Roundtable: Week 13 Loss, Biggest Surprise/Disappointment, and Referees

Howard Smith-USA TODAY Sports

Last Sunday's loss to the Eagles left many fans disappointed.

And just as losses arouse fan fury, they also arouse new questions to be answered. The ROTB Writing Staff took their shot at three of these in this week's Roundtable edition.

Don't forget to answer the questions yourself in the comments below!

1) What do you think was the biggest factor in the Cardinals' loss to the Eagles last week?

AndyStandsUp: Obviously the turnovers steered this to a loss. Don't know the exact percentages, but going -3 in giveaway/takeaways is not a great indicator for a win. The early start was probably also a factor since the club seems to have a hard time being prepared for Eastern time zone games.

Jesse Reynolds: That's easy, turnovers. I know fans and radio personalities talked a lot about the officiating but it was Palmer and the horrendous play of Sowell that lost us the game.

D.L. Parsons: The offensive lines' inability to keep Palmer upright, clean and given enough time to throw. If the Cards had been able to score early, the stinky officiating wouldn't have mattered as much.

Jess Root: What killed them were the turnovers and the lack of taking the ball away by the defense. Take one turnover away and you have a different ballgame, or add a turnover on Philly and Arizona could have a win.

Cdeveau: Captain Mustache reverted back to the nefarious El Turnover. Seriously, 1 strip sack and 2 INTs doomed this game. Sure, I could talk about the referees, but the very first day I ever stepped onto a field I was told to play well enough to beat the members of the other team, that included the refs.

2) With one quarter of the season left to go, who has been your biggest surprise this season? Biggest disappointment?

AndyStandsUp: Andre Ellington. Is there another candidate? I admit I didn't understand the decision of drafting another RB after Taylor and having (at the time) Stephens-Howling, Mendenhall, Williams, Smith and William Powell.

Jesse Reynolds: I'm joining the legion of Mathieu fans, I was not a fan of the pick and have enjoyed being so wrong about a player. He was guilty of a TD reception last week but overall he has been crazy consistent for an undersized, rookie.

Disappointment is the line in general, just as bad as they have been. Sowell is horrible, Winston is maybe average and the interior struggles with consistency. Will the cardinals ever have a good line?

D.L. Parsons: Surprise? Paul Fanaika. He came out of nowhere, earned a starting spot, has played solidly. Where was this guy LAST year when we needed him?!

Disappointment? Eric Winston. Has repeatedly proven why KC let him go. Bobby Massie should have beat him out. When Winston was acquired, I thought that all of the problems at that spot were solved....

Jess Root: My biggest surprise was how long it took for the offense to look right. All offseason, the buzz was how good the offense could be, and it has been better than last year, but it has been so inconsistent. Now things are better, but still there are inconsistencies. It is also the biggest disappointment of the season. Larry Fitzgerald hasn't looked like himself yet, Rob Housler was invisible for half the season. Carson Palmer matched his 2012 interceptions in half a season.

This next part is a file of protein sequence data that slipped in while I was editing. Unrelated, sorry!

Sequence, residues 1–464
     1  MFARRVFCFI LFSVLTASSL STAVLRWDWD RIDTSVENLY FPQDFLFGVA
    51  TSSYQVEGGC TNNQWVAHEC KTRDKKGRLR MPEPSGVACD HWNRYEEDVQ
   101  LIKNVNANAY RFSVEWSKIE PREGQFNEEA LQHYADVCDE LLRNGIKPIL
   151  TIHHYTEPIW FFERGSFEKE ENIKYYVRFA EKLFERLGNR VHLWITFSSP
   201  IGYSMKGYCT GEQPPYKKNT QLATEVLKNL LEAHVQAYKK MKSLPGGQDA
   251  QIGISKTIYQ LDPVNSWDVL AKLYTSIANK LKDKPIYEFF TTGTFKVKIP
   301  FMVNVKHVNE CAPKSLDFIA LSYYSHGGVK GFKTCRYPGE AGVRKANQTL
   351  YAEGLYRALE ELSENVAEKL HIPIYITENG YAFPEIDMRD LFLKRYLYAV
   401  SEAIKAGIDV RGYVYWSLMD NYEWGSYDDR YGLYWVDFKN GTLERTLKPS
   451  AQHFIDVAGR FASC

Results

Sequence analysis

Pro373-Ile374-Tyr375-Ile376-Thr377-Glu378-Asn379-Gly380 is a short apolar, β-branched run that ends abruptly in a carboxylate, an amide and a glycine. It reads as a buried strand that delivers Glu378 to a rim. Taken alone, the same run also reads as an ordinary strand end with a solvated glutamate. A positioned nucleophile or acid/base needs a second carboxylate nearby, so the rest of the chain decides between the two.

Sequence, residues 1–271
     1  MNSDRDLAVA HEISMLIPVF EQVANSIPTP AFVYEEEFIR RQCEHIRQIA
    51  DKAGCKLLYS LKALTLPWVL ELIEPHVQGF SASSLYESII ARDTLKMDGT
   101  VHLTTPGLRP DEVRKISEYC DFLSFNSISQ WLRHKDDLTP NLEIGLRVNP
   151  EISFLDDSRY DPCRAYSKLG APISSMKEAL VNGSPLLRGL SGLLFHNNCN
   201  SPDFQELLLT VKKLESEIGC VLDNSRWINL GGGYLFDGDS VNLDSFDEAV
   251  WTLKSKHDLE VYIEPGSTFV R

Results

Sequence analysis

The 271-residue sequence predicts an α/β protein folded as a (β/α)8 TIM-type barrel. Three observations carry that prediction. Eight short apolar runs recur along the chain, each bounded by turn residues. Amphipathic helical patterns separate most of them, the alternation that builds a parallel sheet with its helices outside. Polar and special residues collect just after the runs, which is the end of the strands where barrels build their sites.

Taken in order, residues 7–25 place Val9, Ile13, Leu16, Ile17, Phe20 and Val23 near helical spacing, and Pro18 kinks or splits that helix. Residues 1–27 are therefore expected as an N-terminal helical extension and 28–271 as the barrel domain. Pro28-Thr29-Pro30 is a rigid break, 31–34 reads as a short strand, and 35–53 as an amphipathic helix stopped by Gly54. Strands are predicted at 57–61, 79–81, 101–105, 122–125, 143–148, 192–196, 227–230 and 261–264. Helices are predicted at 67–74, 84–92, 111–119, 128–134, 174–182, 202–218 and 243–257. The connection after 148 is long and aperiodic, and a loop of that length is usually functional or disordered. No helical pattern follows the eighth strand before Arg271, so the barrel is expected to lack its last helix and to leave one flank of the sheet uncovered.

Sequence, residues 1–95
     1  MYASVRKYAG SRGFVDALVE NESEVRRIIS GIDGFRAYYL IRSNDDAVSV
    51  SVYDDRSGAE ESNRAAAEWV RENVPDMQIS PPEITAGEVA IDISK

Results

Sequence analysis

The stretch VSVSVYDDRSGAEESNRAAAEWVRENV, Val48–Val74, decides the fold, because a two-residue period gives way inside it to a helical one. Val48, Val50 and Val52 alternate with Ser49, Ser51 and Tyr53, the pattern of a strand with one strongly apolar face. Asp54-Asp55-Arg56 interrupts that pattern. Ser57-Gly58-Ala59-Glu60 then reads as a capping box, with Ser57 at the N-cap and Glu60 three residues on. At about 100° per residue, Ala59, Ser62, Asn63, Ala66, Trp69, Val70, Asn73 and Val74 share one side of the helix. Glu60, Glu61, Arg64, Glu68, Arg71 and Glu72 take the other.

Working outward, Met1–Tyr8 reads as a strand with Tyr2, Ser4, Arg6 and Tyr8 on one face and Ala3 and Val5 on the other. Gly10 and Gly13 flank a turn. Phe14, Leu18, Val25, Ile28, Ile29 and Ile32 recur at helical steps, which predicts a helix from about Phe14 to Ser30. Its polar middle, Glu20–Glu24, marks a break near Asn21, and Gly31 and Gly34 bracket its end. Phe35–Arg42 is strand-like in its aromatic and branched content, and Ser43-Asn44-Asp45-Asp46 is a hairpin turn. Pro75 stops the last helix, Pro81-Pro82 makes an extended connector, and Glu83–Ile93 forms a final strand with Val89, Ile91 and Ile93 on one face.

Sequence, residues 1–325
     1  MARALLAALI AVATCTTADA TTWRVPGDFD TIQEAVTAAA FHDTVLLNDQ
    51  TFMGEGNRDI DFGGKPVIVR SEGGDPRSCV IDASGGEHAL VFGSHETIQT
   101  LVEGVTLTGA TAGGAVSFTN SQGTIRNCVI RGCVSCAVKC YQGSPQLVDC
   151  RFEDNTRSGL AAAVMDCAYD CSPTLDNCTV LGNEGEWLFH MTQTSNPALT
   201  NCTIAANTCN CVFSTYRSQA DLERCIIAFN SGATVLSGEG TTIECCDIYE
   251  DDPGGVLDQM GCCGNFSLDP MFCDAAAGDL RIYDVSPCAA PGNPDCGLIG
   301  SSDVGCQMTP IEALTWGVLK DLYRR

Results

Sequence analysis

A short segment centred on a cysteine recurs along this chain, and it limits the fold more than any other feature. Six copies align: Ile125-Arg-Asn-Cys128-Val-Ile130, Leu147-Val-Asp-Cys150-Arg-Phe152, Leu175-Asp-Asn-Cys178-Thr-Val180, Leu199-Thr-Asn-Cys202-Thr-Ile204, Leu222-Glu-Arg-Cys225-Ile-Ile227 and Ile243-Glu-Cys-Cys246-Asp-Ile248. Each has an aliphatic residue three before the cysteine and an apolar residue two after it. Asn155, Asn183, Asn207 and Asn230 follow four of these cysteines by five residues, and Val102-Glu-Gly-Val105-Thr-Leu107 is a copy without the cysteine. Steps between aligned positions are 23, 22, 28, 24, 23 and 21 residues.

Cdeveau: Andre Ellington was a nice surprise for most of the Cardinals fan base, as well as the resurgence of Karlos Dansby. The biggest disappointment would have to be losing Cooper to injury and the lack of consistent play from Carson 'El Turnover' Palmer.

3) Many Cardinals fans were left questioning some of the calls by the referee's in the game against the Eagles. What are your thoughts on the official's calls, and do you have any ideas on how to reduce referee mistakes?

AndyStandsUp: The consensus among Cards fans is that the refs blew this one. Yes and no. I don't like the way the NFL is turning into the NBA with officiating being a major part of who wins and loses. I remember when the officials were like offensive lineman -- you hardly knew they were there unless they made a mistake but now they're commanding air time like a star QB. But no, as stated earlier, TOs was the main cause.

That being said, the only real remedy for refereeing mistakes is death by firing squad.

Jesse Reynolds: It's simple to me, play well enough that that referees can't lose you the game. We got some questionable calls, so did they, that's football for you. I'm not going to complain about bad calls when we lost because of turnovers.

D.L. Parsons: There are too many picayune rules to remember and enforce uniformly. Too many rules are subject to judgment, thus individual opinion holds sway. One only needs to look at the infamous Seattle/Green Bay game with the replacement refs. Two refs who witnessed the same play, two different interpretations. This will never change. It is just good fodder for the blogosphere.

Jess Root: It was bad. It was so inconsistent. They affected the outcome, or rather, they became part of the narrative. Officials should never be part of the narrative. That doesn't mean that they won't make mistakes, but when games are called inconsistently, it just drives people crazy. How do you improve it? The easiest way would be to add to the referee pool. Make it easier to get into the program to add competition. Make it so that it isn't easy to stick around if you aren't graded well.

Cdeveau: As I said above, I don't complain about refs due to the coaches that molded me when younger. They aren't there to help you win games, and if you have to rely on their judgment in the game then you've effectively lost. As for how to fix that, review every official call. That slows down the game though. So, best to suck it up and move forward knowing that you don't want the game in the hands of the refs.

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